Why I Like Ruby #1: Alias_method

So you found yourself in the need to override a method but still count on it’s old behaviour?

No problem! Override it with your new code, call super and…. Uh oh!! Suddenly this turned into a problem… Let me give some more context.

I was testing Ferret (and the acts_as_ferret plugin) in a project to provide full text search capabilities to our models. One of the things the plugin does is to add a new method to ActiveRecord, called find_with_ferret. That way, every model can use it. Great!

So I thought that would make sense for me to remove all diatrictics from the input text before letting ferret do its job. You know, like removing umlauts and all that.

I could do that by overriding this method with code to remove the undesired chars and then call its older version to finally do the search - something like calling super, but not quite. And I didn’t want my models to inherit from anything else than ActiveRecord::Base. That wouldn’t make any sense.

alias_method to the rescue!

You know that to redefine a method in an existing class you can open it up and rewrite it. But since you don’t wanna loose the behaviour provided by the original method, this is how you can achieve this:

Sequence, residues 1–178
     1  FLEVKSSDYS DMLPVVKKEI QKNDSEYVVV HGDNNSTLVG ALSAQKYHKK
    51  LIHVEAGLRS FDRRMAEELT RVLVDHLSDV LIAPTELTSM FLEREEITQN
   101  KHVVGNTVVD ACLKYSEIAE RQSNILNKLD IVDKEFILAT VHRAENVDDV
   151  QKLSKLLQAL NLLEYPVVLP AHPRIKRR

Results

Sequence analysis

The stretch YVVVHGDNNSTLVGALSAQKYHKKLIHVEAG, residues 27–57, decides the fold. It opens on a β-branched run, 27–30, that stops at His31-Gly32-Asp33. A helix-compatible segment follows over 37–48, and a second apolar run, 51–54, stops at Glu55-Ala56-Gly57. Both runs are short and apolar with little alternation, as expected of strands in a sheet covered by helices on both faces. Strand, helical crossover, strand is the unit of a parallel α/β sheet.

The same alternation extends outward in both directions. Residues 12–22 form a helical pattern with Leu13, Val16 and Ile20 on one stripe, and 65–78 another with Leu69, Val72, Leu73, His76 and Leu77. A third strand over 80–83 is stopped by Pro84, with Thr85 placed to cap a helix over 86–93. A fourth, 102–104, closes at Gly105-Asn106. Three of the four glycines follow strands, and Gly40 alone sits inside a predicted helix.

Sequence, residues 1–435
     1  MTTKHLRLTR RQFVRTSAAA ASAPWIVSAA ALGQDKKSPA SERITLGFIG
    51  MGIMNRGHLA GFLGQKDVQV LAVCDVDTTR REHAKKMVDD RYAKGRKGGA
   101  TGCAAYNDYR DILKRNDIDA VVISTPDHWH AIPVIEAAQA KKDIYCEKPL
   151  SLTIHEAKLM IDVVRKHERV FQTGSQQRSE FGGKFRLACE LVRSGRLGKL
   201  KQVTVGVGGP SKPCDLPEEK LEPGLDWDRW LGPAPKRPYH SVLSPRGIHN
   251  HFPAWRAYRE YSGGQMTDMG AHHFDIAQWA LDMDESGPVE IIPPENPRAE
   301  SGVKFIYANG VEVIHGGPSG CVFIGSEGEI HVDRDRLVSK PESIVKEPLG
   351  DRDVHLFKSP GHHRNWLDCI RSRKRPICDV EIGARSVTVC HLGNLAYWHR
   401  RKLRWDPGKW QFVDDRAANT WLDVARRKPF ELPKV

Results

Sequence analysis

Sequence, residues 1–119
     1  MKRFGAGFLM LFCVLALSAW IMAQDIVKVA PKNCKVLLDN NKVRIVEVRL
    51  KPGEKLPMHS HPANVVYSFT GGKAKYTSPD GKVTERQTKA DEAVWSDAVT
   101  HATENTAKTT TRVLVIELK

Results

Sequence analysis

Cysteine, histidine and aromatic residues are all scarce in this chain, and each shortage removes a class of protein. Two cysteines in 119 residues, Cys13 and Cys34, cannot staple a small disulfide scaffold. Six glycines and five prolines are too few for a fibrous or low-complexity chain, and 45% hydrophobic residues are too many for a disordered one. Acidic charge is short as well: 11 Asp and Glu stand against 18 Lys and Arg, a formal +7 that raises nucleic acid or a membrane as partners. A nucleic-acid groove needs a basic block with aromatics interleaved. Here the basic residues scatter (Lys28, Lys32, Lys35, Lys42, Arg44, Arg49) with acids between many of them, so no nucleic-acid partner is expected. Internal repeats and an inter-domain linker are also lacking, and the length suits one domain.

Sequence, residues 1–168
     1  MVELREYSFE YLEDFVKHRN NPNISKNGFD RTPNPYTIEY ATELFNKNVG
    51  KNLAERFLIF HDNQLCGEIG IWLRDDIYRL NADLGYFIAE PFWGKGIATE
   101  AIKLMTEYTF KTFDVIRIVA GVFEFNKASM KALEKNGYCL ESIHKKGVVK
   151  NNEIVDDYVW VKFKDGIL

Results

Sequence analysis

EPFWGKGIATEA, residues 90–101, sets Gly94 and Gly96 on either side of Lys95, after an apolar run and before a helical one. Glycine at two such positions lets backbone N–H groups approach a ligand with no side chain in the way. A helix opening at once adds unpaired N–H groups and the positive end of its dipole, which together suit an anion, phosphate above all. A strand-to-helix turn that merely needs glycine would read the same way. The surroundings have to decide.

module ActiveRecord
class Base
alias_method :find_with_ferret_original, :find_with_ferret

def find_with_ferret(q, options = {}, find_options = {})
find_with_ferret_original(q, options, find_options)

And you’re good to go. On line 3 you’re just giving the original method an alias, making a copy of it.

Then you redefine it the way you like and on line 6 you call the old version to make sure u still got the same behaviour.
Now all my models can benefit of this change without requiring them to call another method nor inherit from another class.

Cool, huh? :)